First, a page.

Baroque Tahitian pearls with intense colors

My suggestion of using colorful baroque pearls was well-received but created a dilemma; she only wore stud earrings and drops and circled pearls are traditionally set onto dangle settings. We decided to try something more nontraditional and find pairs that would work set as studs.

An intense blue-green pair and a super-peacock pair.

Blue Green and Super Peacock Tahitian pearl baroque pairs

A pair with color so intense, the oil-slick effect is visible on the pearls

Oil slick peacock colors on a Tahitian pearl

I ended up matching a couple of pairs of drops too, and while the colors were striking, I had to recommend going with one of the less symmetrical pairs.

Given that her two favorite colors are blue and green she opted for the first pair. I love the result.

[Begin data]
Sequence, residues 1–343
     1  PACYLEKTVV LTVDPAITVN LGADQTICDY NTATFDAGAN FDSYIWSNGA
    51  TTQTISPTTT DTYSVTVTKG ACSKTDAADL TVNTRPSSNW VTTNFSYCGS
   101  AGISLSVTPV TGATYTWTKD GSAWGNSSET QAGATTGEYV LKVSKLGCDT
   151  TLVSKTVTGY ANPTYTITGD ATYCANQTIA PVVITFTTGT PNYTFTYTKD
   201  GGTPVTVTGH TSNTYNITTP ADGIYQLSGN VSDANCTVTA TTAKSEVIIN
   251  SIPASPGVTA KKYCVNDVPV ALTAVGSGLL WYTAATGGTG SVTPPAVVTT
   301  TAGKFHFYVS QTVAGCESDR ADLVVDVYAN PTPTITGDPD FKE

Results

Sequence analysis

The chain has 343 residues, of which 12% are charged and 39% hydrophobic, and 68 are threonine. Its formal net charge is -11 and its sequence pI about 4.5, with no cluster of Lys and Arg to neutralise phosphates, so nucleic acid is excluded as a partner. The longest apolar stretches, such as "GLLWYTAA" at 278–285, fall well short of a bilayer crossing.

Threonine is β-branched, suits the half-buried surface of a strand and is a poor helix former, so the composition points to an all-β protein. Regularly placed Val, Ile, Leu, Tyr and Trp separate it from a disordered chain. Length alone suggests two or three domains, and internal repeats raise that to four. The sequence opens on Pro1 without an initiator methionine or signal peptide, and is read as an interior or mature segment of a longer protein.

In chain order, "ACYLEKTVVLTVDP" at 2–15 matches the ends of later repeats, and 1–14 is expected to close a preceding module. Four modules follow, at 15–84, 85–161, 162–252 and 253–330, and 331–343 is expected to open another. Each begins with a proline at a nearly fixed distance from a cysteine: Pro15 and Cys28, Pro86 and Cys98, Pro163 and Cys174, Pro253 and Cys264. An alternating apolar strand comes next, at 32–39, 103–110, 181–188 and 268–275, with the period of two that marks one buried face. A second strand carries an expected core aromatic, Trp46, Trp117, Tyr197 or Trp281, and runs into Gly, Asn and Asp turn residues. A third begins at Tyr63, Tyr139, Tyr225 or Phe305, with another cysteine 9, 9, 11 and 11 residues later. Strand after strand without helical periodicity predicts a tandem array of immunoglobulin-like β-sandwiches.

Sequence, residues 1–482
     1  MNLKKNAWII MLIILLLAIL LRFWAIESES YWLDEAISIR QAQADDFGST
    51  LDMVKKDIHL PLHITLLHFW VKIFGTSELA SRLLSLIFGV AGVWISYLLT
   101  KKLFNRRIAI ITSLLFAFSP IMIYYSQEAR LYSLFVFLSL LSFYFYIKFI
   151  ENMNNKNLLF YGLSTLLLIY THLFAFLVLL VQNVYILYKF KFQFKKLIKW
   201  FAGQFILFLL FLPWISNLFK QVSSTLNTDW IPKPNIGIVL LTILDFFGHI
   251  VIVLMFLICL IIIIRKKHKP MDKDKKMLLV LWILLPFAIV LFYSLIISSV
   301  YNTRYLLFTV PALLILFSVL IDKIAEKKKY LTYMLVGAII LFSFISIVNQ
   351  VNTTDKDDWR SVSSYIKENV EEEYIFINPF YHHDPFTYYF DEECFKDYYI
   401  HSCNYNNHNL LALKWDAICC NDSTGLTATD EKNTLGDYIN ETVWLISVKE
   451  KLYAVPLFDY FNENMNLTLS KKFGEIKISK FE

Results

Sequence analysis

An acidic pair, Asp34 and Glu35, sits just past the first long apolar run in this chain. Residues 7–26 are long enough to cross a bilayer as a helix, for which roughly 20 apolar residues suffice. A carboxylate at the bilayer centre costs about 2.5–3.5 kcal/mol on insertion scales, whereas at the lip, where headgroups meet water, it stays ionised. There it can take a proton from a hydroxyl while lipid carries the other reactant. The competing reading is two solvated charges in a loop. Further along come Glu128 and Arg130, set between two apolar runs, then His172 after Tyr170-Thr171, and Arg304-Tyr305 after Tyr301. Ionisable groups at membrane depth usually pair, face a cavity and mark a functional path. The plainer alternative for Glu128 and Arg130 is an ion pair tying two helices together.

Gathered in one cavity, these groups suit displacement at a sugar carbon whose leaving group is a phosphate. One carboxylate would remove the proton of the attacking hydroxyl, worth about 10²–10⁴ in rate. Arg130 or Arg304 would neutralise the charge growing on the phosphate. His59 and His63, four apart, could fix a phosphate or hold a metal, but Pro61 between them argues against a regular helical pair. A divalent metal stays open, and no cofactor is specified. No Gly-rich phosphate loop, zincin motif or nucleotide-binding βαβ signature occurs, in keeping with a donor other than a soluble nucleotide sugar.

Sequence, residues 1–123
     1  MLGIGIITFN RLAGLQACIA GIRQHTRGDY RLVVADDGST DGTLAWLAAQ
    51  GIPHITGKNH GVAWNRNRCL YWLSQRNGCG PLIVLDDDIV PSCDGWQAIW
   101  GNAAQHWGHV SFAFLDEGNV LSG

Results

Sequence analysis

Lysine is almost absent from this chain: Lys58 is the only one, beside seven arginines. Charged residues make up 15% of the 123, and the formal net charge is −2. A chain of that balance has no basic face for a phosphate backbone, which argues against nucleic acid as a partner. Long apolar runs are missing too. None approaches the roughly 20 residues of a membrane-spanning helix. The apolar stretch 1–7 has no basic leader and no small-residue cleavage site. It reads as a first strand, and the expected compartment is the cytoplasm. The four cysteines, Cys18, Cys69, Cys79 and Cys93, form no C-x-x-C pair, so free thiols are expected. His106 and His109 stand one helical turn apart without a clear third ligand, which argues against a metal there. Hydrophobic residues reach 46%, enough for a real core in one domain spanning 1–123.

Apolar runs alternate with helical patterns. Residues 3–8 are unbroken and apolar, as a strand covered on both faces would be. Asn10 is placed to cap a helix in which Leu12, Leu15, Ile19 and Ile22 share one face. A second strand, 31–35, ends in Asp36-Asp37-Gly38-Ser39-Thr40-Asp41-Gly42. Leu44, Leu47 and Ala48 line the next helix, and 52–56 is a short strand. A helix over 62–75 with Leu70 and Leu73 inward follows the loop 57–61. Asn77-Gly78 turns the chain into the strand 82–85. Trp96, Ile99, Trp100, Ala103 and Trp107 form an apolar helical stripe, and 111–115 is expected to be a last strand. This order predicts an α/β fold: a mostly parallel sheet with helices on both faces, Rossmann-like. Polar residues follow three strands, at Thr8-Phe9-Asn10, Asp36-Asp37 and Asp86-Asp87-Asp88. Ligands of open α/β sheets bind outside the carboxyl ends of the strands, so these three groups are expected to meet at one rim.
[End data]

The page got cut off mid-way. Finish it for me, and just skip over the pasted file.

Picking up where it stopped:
Baroque Tahitian pearls set as traditional stud earrings

The real art of making Tahitian pearl strands

A loose lot of undrilled Tahitian pearls

As I blogged about in June of this year, there are two ways pearl dealers are able to source Tahitian and South sea pearls; either in finished strands or loose pearl lots. When selecting finished strands, dealers purchase just what they need without making a large investment or having to work with the pearls … and pay a hefty premium. When dealers purchase lots, they have to separate, grade, match and drill in order to create strands.

Since 2007, we almost exclusively purchase loose lots to create our Tahitian strands and jewelry from scratch. The primary reason is we prefer to use  ”A/B lots.” These lots are a mix of pearls that have one to zero spots that drill and set clean or set clean face up – very close to perfect . It’s nearly impossible to find finished strands like this from pearl wholesalers (primarily located in Japan) because C and D grades are considered “necklace material.” A/B lots are sold loose – for use in earrings, pendants and rings. They are essentially the cream of the crop.